I'm Nienke, I’m 26 years old and a student, studying to become a Dutch language teacher. I enjoy relaxing on the couch with my two cats, watching series or reading. If I want to be in a bigger crowd, I drink a specialty beer with friends or go to a concert. I also go to the climbing hall and do yoga.
Previously, everything was exhausting, confusing and heavy to me and I couldn't imagine that this was the case for everyone. When I saw the documentary about autism in women by Vet Gezellig, I had an ‘aha-experience’. This was the reason for my diagnostic process: I’m autistic and I got ADD as a bonus. Since then, I’ve made a lot of progress. That's great, but it also means that I managed to cram a quarter of a century of trial and error into one year.
The grieving process came first, together with the discovery that I’ve always copied others. Then followed finding the strength to give meaning to my identity. I get a lot of satisfaction from doing the things that I want to do. I’m more aware of my limits. I know I'm not neurotypical, so I can stop trying to be that way.
Autism is not a reason to think I can't do something, nor is it a straitjacket. It has an impact on many parts of life. For example, my boyfriend and I lived together, but we found out that it was better to live separately again. I get new insights every day. This is overwhelming, sometimes hopeless, but it helps me move forward.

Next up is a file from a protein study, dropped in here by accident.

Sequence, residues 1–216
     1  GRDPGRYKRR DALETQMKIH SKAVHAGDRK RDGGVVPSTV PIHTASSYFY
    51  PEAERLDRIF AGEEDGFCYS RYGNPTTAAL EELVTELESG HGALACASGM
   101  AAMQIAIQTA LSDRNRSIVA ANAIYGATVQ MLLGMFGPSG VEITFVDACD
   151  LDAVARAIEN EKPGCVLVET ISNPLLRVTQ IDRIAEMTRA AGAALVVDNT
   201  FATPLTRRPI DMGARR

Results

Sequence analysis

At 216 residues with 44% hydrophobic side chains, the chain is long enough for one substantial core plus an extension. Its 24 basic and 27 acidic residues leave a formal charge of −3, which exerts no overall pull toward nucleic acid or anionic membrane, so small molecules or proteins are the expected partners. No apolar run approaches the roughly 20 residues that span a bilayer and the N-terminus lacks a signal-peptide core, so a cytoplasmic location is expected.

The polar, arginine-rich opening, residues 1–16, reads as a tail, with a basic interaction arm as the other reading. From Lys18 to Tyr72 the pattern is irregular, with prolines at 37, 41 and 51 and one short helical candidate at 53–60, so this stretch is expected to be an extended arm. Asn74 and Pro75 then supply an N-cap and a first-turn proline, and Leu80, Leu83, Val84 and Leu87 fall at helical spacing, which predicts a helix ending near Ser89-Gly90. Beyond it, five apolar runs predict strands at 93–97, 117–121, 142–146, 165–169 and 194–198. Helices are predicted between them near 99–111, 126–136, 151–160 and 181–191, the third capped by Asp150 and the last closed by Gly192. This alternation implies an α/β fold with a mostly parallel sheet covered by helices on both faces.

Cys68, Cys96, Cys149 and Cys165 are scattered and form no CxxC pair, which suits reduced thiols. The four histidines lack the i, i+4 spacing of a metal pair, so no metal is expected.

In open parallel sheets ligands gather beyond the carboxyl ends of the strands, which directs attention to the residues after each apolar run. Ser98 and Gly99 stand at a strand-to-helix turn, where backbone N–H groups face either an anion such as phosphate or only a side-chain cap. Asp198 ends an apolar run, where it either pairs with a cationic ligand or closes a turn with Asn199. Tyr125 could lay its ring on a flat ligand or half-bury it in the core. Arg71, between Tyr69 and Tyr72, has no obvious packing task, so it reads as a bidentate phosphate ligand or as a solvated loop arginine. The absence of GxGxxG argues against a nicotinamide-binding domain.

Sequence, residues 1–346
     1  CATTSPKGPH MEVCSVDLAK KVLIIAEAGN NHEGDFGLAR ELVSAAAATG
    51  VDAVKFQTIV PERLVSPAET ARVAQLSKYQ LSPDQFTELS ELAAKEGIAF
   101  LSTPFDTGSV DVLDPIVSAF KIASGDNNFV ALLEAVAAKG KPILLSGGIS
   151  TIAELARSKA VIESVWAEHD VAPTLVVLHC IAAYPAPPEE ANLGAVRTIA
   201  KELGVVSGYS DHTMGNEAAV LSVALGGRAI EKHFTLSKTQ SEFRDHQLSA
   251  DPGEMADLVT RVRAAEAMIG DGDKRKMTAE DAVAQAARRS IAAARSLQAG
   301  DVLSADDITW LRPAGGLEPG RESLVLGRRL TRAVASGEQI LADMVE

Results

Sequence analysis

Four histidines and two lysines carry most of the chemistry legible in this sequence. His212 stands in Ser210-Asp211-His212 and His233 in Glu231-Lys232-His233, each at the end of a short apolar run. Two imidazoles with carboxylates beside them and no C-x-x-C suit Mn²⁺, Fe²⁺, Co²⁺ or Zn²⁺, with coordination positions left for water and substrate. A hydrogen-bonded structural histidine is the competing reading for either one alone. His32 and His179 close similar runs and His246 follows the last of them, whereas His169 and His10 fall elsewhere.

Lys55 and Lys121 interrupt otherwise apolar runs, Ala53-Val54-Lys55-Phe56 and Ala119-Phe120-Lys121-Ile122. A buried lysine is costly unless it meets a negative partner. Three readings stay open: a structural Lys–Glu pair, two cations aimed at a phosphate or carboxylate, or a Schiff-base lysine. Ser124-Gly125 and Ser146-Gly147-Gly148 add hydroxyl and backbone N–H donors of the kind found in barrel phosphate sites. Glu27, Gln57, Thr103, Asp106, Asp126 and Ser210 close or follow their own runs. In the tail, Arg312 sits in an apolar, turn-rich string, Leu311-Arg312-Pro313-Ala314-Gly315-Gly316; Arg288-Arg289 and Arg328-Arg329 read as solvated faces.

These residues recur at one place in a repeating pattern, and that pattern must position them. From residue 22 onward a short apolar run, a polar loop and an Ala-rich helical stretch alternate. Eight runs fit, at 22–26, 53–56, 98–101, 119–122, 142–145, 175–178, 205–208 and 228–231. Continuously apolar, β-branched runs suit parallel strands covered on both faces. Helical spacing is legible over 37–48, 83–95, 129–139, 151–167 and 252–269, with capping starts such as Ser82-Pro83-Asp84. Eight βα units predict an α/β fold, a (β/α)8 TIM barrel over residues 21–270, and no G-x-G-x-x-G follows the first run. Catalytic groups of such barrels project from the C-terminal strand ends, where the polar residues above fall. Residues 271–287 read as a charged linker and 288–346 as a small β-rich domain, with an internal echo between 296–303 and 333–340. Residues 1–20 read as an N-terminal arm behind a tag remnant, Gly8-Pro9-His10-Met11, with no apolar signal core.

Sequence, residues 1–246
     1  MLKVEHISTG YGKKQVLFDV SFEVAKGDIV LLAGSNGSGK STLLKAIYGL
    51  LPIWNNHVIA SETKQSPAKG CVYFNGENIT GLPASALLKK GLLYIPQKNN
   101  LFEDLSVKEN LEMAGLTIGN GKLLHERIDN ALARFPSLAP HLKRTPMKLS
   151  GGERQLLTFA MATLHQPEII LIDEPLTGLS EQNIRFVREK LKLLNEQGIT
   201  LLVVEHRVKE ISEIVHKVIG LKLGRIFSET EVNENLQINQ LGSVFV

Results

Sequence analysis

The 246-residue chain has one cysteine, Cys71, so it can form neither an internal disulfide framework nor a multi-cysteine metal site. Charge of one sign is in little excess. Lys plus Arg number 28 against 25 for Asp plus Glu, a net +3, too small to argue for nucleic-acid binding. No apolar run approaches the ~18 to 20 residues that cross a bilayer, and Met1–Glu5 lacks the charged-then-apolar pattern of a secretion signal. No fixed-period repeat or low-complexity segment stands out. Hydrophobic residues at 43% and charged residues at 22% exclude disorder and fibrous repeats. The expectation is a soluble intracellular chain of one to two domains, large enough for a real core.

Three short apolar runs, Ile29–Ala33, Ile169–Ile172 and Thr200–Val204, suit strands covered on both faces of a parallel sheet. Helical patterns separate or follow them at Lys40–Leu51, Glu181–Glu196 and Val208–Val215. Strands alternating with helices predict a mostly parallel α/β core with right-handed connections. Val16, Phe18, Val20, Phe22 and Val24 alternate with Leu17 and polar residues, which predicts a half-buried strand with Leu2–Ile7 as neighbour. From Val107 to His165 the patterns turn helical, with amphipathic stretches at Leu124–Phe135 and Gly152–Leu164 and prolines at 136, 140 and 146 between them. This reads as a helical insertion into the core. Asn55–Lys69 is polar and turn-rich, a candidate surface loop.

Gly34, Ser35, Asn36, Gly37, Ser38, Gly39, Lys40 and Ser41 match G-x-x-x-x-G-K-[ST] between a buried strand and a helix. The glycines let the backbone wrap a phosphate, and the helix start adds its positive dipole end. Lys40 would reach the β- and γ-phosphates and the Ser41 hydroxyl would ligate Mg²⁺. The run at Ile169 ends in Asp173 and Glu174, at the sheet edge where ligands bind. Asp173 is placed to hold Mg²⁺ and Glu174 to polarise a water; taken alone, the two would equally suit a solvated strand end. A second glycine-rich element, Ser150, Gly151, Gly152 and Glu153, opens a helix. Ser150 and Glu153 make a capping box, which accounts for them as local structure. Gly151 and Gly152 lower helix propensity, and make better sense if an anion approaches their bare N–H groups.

During my diagnostic process I was in the first year of my studies. I was unsure whether my suspicion of autism was the explanation for me always feeling different, and what it would mean if I was indeed autistic. I'm surprised, but most importantly proud, that I survived this emotional rollercoaster, and embraced my diagnosis.
My tip: If you have autism, especially in an overwhelming neurotypical environment, it’s important to listen to yourself. Don't get lost in "that's what everyone does" and don't think it's selfish or weird. I wear sunglasses on cloudy days, on the sunniest days I stay indoors. I don't do small talk if I don't have the energy for it, and in a restaurant I ask if the volume of the music can be lowered. It's more meaningful to follow your needs, not someone else's.